Lower extremity (LE) amputation patients who use prostheses have gait asymmetries and altered limb loading and movement strategies when ambulating. Subsequent secondary conditions are believed to be associated with gait deviations and lead to long-term complications that impact function
and quality of life as a result. The purpose of this study was to systematically review the literature to determine the strength of evidence supporting gait training interventions and to formulate evidence statements to guide practice and research related to therapeutic gait training for lower
extremity amputees. A systematic review of three databases was conducted followed by evaluation of evidence and synthesis of empirical evidence statements (EES). Eighteen manuscripts were included in the review, which covered two areas of gait training interventions: 1) overground and 2) treadmill-based.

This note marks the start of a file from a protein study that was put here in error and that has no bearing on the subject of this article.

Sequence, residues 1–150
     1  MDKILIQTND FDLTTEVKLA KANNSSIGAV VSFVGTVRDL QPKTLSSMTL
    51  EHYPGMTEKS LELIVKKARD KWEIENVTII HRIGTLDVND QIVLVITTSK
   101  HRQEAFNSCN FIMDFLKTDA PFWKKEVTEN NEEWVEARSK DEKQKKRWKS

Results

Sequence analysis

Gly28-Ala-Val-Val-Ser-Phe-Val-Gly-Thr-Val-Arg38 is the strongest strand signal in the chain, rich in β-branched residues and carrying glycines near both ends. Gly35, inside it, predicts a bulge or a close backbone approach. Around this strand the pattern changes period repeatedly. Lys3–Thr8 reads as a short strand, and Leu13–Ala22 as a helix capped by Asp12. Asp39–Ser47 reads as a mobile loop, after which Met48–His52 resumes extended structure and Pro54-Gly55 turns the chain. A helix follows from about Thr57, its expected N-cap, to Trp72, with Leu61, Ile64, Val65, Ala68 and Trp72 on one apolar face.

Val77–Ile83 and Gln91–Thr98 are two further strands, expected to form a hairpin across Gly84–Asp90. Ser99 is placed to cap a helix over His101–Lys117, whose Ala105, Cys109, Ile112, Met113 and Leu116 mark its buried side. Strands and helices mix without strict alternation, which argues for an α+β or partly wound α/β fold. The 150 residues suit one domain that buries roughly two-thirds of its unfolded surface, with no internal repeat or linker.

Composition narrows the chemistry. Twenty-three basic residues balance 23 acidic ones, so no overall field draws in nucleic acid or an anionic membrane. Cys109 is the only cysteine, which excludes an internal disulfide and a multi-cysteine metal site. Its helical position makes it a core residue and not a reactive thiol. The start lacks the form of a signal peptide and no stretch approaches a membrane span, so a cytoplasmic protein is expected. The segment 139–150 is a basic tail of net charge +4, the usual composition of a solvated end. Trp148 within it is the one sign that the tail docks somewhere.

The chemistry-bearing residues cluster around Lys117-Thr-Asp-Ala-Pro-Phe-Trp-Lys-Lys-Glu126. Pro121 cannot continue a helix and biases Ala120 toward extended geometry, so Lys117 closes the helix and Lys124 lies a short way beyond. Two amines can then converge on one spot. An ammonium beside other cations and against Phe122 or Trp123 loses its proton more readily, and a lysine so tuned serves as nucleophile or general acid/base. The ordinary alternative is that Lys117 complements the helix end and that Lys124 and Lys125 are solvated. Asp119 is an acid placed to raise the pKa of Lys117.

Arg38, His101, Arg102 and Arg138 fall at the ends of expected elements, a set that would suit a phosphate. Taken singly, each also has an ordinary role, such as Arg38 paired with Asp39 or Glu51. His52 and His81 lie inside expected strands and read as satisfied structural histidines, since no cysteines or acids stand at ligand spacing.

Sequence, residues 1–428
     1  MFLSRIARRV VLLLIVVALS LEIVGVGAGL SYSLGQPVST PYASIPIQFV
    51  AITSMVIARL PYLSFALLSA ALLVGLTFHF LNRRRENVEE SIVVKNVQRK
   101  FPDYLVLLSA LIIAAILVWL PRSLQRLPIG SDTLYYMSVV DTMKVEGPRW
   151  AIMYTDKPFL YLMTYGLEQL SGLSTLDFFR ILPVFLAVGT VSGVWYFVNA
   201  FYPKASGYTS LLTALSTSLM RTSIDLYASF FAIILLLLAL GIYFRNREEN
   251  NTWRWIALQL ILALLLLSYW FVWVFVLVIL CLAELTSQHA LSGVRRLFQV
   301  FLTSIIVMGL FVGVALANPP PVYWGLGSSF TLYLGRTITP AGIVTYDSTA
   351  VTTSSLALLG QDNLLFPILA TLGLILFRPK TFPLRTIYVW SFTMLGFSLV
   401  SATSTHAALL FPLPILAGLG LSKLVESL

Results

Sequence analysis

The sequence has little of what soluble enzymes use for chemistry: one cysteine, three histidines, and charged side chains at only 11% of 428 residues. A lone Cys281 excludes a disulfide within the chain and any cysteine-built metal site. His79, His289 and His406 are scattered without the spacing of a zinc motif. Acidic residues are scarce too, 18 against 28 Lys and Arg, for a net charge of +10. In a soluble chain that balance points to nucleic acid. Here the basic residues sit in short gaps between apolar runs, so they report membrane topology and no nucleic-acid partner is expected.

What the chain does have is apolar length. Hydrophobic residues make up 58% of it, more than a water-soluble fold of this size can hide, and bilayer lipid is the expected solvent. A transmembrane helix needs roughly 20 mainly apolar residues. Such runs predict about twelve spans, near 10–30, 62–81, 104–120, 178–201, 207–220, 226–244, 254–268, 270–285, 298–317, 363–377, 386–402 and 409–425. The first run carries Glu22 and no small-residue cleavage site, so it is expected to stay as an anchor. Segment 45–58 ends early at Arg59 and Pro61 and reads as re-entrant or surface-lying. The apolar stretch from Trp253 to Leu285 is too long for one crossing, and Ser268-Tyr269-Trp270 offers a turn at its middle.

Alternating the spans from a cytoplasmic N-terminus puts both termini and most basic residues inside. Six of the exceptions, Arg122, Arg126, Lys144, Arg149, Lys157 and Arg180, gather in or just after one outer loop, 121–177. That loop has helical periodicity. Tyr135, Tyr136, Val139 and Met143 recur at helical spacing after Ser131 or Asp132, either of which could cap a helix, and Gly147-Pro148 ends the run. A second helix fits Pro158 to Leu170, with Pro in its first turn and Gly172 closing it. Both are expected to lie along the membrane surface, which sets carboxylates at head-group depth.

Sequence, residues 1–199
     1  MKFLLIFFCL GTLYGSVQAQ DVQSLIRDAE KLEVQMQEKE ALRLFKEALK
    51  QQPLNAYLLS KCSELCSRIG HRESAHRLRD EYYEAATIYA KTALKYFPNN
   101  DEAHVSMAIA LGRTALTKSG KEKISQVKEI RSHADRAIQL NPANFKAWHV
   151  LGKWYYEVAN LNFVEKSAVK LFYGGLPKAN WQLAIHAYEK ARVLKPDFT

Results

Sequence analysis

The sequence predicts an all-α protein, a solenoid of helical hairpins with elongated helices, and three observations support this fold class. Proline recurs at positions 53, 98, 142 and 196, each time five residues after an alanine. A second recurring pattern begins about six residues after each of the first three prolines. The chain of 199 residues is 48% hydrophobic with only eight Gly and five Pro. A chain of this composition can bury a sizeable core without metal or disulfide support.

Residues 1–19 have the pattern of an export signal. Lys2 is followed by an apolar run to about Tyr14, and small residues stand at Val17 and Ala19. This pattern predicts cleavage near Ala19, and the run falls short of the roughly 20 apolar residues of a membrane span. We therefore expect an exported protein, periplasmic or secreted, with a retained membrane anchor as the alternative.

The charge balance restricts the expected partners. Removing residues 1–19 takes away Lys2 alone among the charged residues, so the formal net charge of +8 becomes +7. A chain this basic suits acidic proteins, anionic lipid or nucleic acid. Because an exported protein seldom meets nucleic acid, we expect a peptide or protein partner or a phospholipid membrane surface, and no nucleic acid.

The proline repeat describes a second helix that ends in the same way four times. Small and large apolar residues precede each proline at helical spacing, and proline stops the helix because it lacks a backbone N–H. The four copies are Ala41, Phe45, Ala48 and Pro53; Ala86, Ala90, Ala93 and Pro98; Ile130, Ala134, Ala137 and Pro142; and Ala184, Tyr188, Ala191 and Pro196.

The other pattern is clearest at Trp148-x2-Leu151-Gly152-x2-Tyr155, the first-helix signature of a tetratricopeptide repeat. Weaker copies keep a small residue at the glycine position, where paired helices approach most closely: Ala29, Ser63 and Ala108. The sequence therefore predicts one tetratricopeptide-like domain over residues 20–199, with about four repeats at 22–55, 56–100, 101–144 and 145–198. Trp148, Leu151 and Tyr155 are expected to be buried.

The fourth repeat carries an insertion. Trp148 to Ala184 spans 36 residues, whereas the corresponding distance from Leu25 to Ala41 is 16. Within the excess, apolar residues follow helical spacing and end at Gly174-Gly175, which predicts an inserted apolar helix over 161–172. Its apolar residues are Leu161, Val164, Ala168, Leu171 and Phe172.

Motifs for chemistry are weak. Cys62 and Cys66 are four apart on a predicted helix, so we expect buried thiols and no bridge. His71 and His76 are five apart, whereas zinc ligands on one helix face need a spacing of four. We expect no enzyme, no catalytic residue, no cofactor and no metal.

Eight EESs were synthesized. Four addressed overground gait training, one covered treadmill training, and three statements addressed both forms of therapy. Due to the gait asymmetries, altered biomechanics, and related secondary consequences associated with LE amputation, gait training interventions
are needed along with study of their efficacy. Overground training with verbal or other auditory, manual, and psychological awareness interventions was found to be effective at improving gait. Similarly, treadmill-based training was found to be effective: 1) as a supplement to overground training;
2) independently when augmented with visual feedback and/or body weight support; or 3) as part of a home exercise plan. Gait training approaches studied improved multiple areas of gait, including sagittal and coronal biomechanics, spatiotemporal measures, and distance walked.
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Document Type: Research Article
September 1, 2016
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